The undefeated Leo adds the growing legend of Albuquerque by becoming their latest world champion with an impressive victory Saturday night on a scintillating SHOWTIME triple-header.
Angelo Leo has a sense of boxing history, especially when it comes to his hometown of Albuquerque, New Mexico. He was a starry-eyed kid looking up to local legends like Johnny Tapia and Danny Romero.
It had been 18 years, when Leo was eight years old, since anyone from Albuquerque wore a world title belt.
All of that changed Saturday night on SHOWTIME Championship Boxing.
Leo, 26, joined special company and broke that drought by winning the vacant WBO World Junior Featherweight title with a 12-round unanimous decision over Tramaine Williams at the crowd-less Mohegan Sun Arena in Uncasville, Connecticut.
Leo (20-0, 9 KOs) was originally scheduled to face Stephen Fulton, but when the Philadelphia product tested positive for COVID-19 on Wednesday, Williams, who was on the undercard, received a lifelong opportunity by stepping up to the main event. He was game but Leo simply wanted it more.
Judges Glenn Feldman and Don Trella each saw it 118-110 while Don Ackerman had it 117-111.
“It feels surreal,” Leo said. “The first few rounds I was feeling him out, getting his timing and getting the feel of him. I felt him kind of loosening up and breaking down. That’s when I started putting the pressure on him a little more every round.
“The key factor was the body work and the pressure.”
In the end, Leo’s body attack was too much for “The Mighty Midget.”
Williams (19-1, 6 KOs) got off to a strong start, his 5-foot-4 southpaw frame crouched low to avoid the incoming as he fired a hard jab and occasional lefts behind it.
Beginning in the third, Leo slowly began taking over, roughing up the smaller Williams inside and punishing him to the body.
That’s when Leo began pulling away. His dogged body punishment began taking a toll on Williams, 27, who is from nearby New Haven, Connecticut.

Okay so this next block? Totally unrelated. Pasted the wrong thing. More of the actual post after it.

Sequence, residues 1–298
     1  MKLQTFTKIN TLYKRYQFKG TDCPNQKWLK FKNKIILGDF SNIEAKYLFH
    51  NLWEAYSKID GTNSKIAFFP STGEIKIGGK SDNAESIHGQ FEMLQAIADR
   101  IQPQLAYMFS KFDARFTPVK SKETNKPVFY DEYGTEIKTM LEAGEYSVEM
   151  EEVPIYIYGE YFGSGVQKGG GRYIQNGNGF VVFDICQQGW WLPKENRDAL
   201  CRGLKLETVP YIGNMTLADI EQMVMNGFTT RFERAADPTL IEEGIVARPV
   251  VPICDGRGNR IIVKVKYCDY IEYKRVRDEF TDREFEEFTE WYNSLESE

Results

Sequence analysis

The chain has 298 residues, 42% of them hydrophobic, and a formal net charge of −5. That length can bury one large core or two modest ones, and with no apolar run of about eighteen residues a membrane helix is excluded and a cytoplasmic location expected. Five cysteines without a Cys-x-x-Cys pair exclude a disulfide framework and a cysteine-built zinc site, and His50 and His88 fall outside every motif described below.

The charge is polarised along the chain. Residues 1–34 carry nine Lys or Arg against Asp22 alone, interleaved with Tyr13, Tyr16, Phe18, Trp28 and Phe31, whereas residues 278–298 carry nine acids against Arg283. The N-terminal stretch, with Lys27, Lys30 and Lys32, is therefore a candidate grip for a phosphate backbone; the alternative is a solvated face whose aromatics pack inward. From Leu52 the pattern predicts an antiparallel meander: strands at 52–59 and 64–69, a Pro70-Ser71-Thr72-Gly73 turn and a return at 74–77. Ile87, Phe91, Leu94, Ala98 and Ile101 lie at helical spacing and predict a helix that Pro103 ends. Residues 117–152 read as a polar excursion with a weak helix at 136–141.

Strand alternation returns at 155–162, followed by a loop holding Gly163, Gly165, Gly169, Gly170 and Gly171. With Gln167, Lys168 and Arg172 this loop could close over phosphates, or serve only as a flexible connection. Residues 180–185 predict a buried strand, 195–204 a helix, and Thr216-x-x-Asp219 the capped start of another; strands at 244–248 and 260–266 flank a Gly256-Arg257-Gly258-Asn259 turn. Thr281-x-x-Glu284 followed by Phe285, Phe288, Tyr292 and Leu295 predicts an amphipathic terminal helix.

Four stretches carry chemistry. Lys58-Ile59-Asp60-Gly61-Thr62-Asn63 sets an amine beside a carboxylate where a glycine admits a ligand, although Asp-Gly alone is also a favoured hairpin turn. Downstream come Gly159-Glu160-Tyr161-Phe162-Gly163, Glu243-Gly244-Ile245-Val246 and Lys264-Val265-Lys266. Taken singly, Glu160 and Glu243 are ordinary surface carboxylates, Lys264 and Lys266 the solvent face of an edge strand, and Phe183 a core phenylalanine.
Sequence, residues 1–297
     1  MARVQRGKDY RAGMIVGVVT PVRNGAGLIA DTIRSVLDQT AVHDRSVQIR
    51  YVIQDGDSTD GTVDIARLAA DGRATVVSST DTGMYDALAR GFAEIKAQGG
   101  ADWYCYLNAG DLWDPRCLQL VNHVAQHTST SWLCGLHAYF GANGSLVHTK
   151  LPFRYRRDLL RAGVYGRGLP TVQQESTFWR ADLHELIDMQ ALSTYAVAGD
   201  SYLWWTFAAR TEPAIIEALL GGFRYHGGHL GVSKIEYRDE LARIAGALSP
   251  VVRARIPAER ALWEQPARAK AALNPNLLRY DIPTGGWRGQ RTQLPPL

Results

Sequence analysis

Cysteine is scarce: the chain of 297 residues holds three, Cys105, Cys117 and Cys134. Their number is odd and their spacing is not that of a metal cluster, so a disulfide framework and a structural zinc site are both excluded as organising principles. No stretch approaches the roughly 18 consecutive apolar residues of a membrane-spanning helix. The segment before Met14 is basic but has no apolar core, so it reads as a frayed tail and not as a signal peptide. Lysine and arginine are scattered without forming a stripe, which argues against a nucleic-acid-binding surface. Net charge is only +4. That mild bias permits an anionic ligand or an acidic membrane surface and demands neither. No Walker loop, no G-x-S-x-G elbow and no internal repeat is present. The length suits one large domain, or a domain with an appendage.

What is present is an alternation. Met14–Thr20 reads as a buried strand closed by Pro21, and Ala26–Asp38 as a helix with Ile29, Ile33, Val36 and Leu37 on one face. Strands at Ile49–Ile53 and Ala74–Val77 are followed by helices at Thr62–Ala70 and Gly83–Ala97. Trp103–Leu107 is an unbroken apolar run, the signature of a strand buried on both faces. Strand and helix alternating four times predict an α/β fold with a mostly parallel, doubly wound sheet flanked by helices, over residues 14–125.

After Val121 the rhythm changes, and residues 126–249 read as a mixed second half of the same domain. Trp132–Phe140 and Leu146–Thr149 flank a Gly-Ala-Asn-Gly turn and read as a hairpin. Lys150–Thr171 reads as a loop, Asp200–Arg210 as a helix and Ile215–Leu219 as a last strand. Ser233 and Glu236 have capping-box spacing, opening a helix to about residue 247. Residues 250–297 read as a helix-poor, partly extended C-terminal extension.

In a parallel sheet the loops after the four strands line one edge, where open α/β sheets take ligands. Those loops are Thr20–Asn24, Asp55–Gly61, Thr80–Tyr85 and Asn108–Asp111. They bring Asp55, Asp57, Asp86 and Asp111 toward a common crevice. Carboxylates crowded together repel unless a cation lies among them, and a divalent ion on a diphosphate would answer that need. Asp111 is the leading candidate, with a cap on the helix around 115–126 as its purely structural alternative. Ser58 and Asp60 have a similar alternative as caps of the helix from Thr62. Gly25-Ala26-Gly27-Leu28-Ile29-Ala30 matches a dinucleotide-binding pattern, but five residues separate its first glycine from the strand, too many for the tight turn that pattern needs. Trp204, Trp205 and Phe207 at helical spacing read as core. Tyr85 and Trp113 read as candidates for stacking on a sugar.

Leo dominated the second half of the fight, showing versatility, aggression, a high workrate and a commitment to working the body. A new face has emerged in the stacked 122-pound division.
“We have four champions from Albuquerque (Holly Holm, Romero, Tapia) and now me,” Leo said. “I think I made history there.”
Ra’eese “The Beast” Aleem proves he’s a player at 122
Ra’eese “The Beast” Aleem wanted his chance. It didn’t matter who it was against, either. When Stephen Fulton dropped out of the main event after testing positive for COVID-19 on Wednesday, Tramaine Williams, Aleem’s original opponent, moved into the main event.
Williams’ replacement was Marcus Bates, a former opponent who Aleem beat two years ago by unanimous decision.
This time, Aleem (17-0, 11 KOs) outdid himself, stopping Bates (11-2, 8 KOs) at 2:18 of the 10th in a scheduled 12-round WBA super bantamweight title eliminator.
“It did help me facing Bates again only because I knew some of his tendencies, but that was still a while ago,” Aleem said. “He’s a top fighter so he could have come at me a number of different ways. I was just prepared.
In the opening round, the 30-year-old Aleem and Bates went at each other. But there was one theme that was evident early on: Aleem would be the stalker, controlling the middle of the ring, while Bates danced around him.
Midway through the third, Aleem, from Las Vegas, sat more on his punches, which carried more impact. Aleem landed a good left hook. He followed a strong third with a stronger fourth, cutting off escape routes and punishing the 26-year-old Bates with a solid right. In the last :30, Aleem stung Bates with a left uppercut.
Through four, it appeared evident Aleem was in control, as his triple jab set up right hands and left uppercuts.